South Korea’s central bank raised interest rates by 0.5% to 3%, whilst indicating there would be further increases as the higher US dollar pushed up import costs. However, two of the seven board members voted for a 0.25% increase, suggesting the pace of rises may start to ease in the future. The Governor acknowledged the pain higher borrowing costs inflicts on many households and businesses, indicating that the 3.5% level may be the high, but there was no guarantee that they would stop there. The central bank said it sees upside risks to its August projection of inflation for this year of 5.2%, which warrants further interest rate increases.
Economic growth eased to its slowest pace in a year in the third quarter, with disappointing exports offsetting pent-up spending. However, the reading did slightly beat expectations, with the economy growing by a seasonally-adjusted 0.3% compared with the previous quarter, ahead of the forecasted 0.1% gain but behind the 0.7% expansion in the second quarter. Net exports cost the economy 1.8% as imports, boosted by crude oil and machinery and equipment, grew much faster than exports. Private consumption and corporate investment in production facilities after most Covid-19 curbs were removed boosted economic growth. On an annual basis, the economy expanded by 3.1%, above the forecasted 2.8% gain and follows growth of 2.9% in the second quarter.
Singapore’s economy expanded 4.4% year-on-year in the third quarter of this year, ahead of the forecasted 3.4% gain and follows marginally revised growth of 4.5% in the second quarter. The advance estimate showed growth of 1.5% in the manufacturing sector, which was sharply slower than the 5.7% gain in the previous quarter, with declines in electronics and chemicals. However, construction output rose following an easing in border restrictions, with increased activity in both public and private sectors. Growth in the services sector accelerated, with all the underlying areas – wholesale and retail trade, information and communication, finance, accommodation and food services – recording expansion. On a quarterly basis, the economy expanded 1.5%, improving on the downwardly revised 0.2% contraction in the second quarter.
Indonesia’s central bank raised interest rates by 0.5% to 4.75%, the highest level since February 2020. Indonesia’s inflation rate rose to 5.95% in September, the fastest pace since October 2015 and above the target range of 2 to 4% for the fourth consecutive month. However, policymakers noted that the economy was in a good position, with support from private consumption and continued strength in exports.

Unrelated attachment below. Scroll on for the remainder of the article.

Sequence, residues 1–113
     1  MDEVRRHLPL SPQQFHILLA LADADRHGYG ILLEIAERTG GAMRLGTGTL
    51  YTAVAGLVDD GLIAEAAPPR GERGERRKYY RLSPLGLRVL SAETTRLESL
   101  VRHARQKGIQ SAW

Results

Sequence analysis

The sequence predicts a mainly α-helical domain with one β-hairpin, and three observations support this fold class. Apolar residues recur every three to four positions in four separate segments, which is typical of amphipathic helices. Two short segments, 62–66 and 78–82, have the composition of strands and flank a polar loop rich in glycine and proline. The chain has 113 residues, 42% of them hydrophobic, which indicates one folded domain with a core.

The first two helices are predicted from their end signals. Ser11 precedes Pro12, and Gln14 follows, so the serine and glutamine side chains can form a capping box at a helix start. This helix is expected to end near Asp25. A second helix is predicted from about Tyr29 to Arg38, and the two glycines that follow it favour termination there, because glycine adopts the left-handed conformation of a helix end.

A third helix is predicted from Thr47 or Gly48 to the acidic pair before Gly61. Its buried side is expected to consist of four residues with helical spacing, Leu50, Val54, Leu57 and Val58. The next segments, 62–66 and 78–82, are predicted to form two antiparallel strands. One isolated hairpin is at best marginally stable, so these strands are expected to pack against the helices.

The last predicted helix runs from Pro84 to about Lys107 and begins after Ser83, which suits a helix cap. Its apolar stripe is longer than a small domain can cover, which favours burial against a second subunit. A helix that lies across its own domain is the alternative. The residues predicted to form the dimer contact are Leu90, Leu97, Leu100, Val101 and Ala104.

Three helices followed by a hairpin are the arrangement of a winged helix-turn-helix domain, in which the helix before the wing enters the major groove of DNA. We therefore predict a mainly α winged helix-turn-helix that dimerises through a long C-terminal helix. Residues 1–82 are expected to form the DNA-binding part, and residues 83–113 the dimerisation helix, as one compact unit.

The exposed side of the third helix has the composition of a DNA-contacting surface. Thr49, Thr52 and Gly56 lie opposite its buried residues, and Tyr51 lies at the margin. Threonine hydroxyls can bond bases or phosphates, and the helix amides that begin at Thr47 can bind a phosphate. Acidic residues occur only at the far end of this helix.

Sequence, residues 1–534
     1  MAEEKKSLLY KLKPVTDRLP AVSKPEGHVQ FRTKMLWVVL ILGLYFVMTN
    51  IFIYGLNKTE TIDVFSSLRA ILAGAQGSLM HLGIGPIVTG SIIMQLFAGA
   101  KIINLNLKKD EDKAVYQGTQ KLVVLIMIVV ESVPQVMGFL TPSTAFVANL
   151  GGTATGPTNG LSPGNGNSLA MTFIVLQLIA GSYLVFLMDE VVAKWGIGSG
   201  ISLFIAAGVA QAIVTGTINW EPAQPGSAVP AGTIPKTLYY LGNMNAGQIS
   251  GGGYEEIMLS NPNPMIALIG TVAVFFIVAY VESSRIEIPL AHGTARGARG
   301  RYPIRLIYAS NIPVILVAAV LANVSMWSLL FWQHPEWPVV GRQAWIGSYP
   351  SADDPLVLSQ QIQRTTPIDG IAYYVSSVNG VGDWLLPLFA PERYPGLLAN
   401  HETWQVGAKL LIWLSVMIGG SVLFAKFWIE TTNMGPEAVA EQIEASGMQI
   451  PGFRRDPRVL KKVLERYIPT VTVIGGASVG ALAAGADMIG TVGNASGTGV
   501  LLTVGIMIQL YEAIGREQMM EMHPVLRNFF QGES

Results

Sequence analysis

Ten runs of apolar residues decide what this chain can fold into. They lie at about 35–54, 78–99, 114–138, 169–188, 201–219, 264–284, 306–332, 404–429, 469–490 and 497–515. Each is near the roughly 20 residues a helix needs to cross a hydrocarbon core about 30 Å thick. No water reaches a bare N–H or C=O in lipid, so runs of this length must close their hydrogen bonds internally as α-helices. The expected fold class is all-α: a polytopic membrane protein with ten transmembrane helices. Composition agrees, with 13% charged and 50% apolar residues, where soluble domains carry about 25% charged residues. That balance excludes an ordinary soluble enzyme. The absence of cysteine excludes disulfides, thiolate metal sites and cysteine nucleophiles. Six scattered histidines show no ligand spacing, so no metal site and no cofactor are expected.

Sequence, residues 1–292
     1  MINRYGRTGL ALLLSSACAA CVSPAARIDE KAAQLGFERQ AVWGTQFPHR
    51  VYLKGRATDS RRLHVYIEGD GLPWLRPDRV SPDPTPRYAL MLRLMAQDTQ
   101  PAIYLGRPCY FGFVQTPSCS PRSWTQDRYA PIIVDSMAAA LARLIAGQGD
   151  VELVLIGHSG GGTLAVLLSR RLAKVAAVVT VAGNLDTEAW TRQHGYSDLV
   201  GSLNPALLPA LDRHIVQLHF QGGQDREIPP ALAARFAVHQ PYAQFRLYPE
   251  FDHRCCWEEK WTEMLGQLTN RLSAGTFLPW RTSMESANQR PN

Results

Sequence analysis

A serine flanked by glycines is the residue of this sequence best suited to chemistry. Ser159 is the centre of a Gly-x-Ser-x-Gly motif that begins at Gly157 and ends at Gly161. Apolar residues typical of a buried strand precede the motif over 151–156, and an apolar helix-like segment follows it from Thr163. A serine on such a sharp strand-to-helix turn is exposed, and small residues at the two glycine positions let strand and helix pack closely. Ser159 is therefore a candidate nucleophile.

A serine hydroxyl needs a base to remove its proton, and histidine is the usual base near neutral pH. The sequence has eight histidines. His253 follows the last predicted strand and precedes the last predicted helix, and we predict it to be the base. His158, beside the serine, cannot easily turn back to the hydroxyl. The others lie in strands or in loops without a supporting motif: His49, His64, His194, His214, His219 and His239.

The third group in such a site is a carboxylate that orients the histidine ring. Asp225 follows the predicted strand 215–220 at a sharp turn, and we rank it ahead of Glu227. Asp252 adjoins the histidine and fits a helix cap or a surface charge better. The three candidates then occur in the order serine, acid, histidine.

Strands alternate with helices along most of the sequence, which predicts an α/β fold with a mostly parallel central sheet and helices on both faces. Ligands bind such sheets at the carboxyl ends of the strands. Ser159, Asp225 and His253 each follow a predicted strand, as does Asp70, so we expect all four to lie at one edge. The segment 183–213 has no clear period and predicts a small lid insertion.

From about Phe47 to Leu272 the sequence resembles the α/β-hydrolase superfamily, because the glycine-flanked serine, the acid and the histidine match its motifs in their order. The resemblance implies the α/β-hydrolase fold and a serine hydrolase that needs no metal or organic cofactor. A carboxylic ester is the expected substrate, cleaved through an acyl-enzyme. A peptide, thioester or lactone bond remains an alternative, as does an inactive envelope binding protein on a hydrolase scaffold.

Preliminary figures showed the Taiwanese economy expanded 4.1% year-on-year in the third quarter, ahead of the forecasted 3.2% growth and quicker than the 3.05% gain seen in the previous quarter. Private consumption was the main driver of growth, but government spending and gross capital formation (also known as investment) both slowed sharply. On a seasonally-adjusted quarterly basis, the economy rebounded 1.62% having declined 1.8% in the previous quarter.
Advance government data showed Hong Kong’s economy contracted at a faster pace than expected in the third quarter, primarily due to weak performance in external trade. The economy shrank by 4.5% year-on-year in the third quarter, the third consecutive quarterly contraction and the worst decline since the second quarter of 2020. The economy fell by 4% and 1.3% in the first and second quarters respectively.
The city government said, “Looking ahead, the markedly deteriorating external environment will continue to pose immense pressure on Hong Kong’s export performance in the remainder of the year”. The government also noted the impact of geopolitical tensions and developments in the pandemic would add downside risk, despite the potential boost from easing quarantine rules for inbound visitors. On a quarterly basis, the economy contracted by a seasonally adjusted 2.6% in the third quarter, which follows 1% growth in the previous three-month period and a 2.9% decline in the first quarter of this year. The government lowered its full-year economic forecast from an expansion of between 1% and 2% to a range of 0.5% growth to a 0.5% contraction.
Mexico’s economy expanded by 1% in the third quarter, ahead of both the 0.9% growth in the second quarter and the forecasted 0.7% expansion. Agriculture produced a stronger expansion compared with the previous quarter, whilst services also saw faster growth. Manufacturing also expanded, although at an unchanged pace compared with the previous period. On a year-on-year basis, the economy expanded 4.2%, above both the forecasted 2.8% gain and the 2% rise in the second quarter.
Turkey’s central bank reduced its interest rate by 1.5% to 10.5%, which was more than the expected 1% cut, whilst also signalling it will take the same step at its next meeting to end the rate-cutting cycle. The cuts in interest rates have come despite a plunging Turkish lira and soaring inflation, which passed 83% in September, the highest level since 1998 with energy costs and the weak currency key drivers.